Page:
Department of Oncology-Pathology, Division of Clinical Cancer Epidemiology, Karolinska Institute, Stockholm, Sweden.
    Steineck, Gunnar
    Department of Oncology-Pathology, Division of Clinical Cancer Epidemiology, Karolinska Institute, Stockholm, Sweden.
    Börjeson, Sussanne
    Linköpings universitet, Institutionen för medicin och hälsa, Omvårdnad. Linköpings universitet, Hälsouniversitetet.
    Acupuncture Compared To Placebo Acupuncture in Radiotherapy-induced Nausea: a Randomized Controlled Study2012Ingår i: Annals of Oncology, ISSN 0923-7534, E-ISSN 1569-8041, Vol. 23, nr 5, s. 1353-1361Artikel i tidskrift (Refereegranskat)
    Abstract [en]

    PURPOSE: To evaluate if verum (real) acupuncture is effective against nausea and vomiting during radiotherapy.

    PATIENTS AND METHODS: We randomised blinded cancer patients to verum; penetrating “deqi” creating acupuncture (n=109) in the antiemetic acupuncture point PC6 (three cm above the wrist), or sham (n=106) with a non-penetrating sham needle at a non-acupuncture point six cm above the wrist 2-3 times/week. The patients daily during the radiotherapy period documented nausea and vomiting. Primary endpoint was number of patients with at least one episode of nausea during the whole radiotherapy period. RESULTS: Data was provided by 205 patients (95 %). In the verum acupuncture group, 70 % experienced nausea at least once during the radiotherapy period (p=0.12 compared to the sham group) (mean number of days of 10.1), 25 % vomited and 42 % used antiemetic drugs at least once. In the sham group 62 % experienced nausea (mean number of days 8.7), 28 % vomited and 37 % consumed antiemetic drugs. Ninety five percent in the verum and 96 % in the sham acupuncture group believed that the treatment had been effective against nausea. In both groups 67 % experienced positive effects on relaxation, mood, sleep or pain-reduction, and 89 % wished to receive the treatment again.

    CONCLUSION: Acupuncture creating deqi is not more effective than sham in radiotherapy-induced nausea, but in this study nearly all patients in both groups experienced that the treatment was effective for nausea.

  • 5.
    Enblom, Anna
    et al.
    Linköpings universitet, Institutionen för medicin och hälsa, Omvårdnad. Linköpings universitet, Hälsouniversitetet.
    Lekander, Mats
    Karolinska Institute.
    Hammar, Mats
    Linköpings universitet, Institutionen för klinisk och experimentell medicin, Obstetrik och gynekologi. Linköpings universitet, Hälsouniversitetet. Östergötlands Läns Landsting, Barn- och kvinnocentrum, Kvinnokliniken i Linköping.
    Johnsson, Anna
    Lund University Hospital.
    Onelov, Erik
    Karolinska Institute.
    Ingvar, Martin
    Karolinska Institute.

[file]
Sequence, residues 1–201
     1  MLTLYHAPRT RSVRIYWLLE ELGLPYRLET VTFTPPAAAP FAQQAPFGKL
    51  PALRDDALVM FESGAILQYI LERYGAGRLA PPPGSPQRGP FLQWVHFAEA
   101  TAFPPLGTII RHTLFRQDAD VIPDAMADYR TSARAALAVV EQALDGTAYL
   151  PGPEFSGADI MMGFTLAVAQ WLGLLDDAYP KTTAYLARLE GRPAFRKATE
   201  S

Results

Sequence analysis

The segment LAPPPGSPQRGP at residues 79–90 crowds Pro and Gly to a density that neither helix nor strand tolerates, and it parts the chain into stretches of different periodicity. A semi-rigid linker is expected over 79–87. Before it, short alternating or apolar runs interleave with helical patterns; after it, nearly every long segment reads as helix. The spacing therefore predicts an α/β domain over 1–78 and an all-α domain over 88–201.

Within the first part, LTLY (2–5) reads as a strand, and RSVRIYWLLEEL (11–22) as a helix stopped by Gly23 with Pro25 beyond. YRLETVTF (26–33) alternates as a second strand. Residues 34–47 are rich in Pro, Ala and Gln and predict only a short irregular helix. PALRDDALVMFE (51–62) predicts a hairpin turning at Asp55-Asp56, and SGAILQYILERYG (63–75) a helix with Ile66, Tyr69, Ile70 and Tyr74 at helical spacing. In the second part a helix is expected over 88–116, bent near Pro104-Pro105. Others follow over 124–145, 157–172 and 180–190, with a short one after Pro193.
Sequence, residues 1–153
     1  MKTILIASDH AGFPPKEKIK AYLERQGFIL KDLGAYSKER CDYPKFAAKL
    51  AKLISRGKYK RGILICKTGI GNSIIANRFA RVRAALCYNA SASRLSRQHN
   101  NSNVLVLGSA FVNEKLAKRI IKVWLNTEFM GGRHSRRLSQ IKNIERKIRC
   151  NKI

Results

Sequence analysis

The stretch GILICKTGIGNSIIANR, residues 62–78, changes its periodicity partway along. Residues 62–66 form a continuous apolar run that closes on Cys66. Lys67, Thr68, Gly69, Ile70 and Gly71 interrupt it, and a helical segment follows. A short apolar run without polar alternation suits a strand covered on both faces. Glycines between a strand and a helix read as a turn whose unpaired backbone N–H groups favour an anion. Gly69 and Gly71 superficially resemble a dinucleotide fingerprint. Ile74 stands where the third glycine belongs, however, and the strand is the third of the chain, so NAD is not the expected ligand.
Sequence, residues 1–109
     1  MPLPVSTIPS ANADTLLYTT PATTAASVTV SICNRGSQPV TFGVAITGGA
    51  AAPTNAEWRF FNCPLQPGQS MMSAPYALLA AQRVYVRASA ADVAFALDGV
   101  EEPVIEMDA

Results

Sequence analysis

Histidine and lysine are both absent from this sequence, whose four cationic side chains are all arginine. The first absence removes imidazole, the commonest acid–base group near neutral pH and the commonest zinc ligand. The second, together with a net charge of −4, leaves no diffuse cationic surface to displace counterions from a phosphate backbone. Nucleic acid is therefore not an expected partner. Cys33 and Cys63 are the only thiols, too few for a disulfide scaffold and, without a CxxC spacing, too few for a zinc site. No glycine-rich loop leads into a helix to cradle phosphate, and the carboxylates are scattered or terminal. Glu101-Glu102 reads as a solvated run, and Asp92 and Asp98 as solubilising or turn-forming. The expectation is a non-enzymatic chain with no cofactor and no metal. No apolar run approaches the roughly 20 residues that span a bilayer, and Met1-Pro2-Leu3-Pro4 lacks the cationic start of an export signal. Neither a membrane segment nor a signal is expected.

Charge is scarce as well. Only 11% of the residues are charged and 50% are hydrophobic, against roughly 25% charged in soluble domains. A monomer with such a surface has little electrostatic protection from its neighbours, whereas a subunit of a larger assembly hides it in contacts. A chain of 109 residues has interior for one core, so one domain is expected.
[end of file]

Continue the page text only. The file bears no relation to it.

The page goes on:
Steineck, Gunnar
    Karolinska Institute.
    Börjeson, Sussanne
    Linköpings universitet, Institutionen för medicin och hälsa, Omvårdnad. Linköpings universitet, Hälsouniversitetet. Östergötlands Läns Landsting, Kirurgi- och onkologicentrum, Onkologiska kliniken US.
    Getting the Grip on Nonspecific Treatment Effects: Emesis in Patients Randomized to Acupuncture or Sham Compared to Patients Receiving Standard Care2011Ingår i: PLOS ONE, ISSN 1932-6203, Vol. 6, nr 3Artikel i tidskrift (Refereegranskat)
    Abstract [en]

    Background: It is not known whether or not delivering acupuncture triggers mechanisms cited as placebo and if acupuncture or sham reduces radiotherapy-induced emesis more than standard care. Methodology/Principal Findings: Cancer patients receiving radiotherapy over abdominal/pelvic regions were randomized to verum (penetrating) acupuncture (n = 109; 99 provided data) in the alleged antiemetic acupuncture point PC6 or sham acupuncture (n = 106; 101 provided data) performed with a telescopic non-penetrating needle at a sham point 2-3 times/week during the whole radiotherapy period. The acupuncture cohort was compared to a reference cohort receiving standard care (n = 62; 62 provided data). The occurrence of emesis in each group was compared after a mean dose of 27 Gray. Nausea and vomiting were experienced during the preceding week by 37 and 8% in the verum acupuncture group, 38 and 7% in the sham acupuncture group and 63 and 15% in the standard care group, respectively. The lower occurrence of nausea in the acupuncture cohort (verum and sham) compared to patients receiving standard care (37% versus 63%, relative risk (RR) 0.6, 95 % confidence interval (CI) 0.5-0.8) was also true after adjustment for potential confounding factors for nausea (RR 0.8, CI 0.6 to 0.9). Nausea intensity was lower in the acupuncture cohort (78% no nausea, 13% a little, 8% moderate, 1% much) compared to the standard care cohort (52% no nausea, 32% a little, 15% moderate, 2% much) (p = 0.002). The acupuncture cohort expected antiemetic effects from their treatment (95%). Patients who expected nausea had increased risk for nausea compared to patients who expected low risk for nausea (RR 1.6; Cl 1.2-2.4). Conclusions/Significance: Patients treated with verum or sham acupuncture experienced less nausea and vomiting compared to patients receiving standard care, possibly through a general care effect or due to the high level of patient expectancy.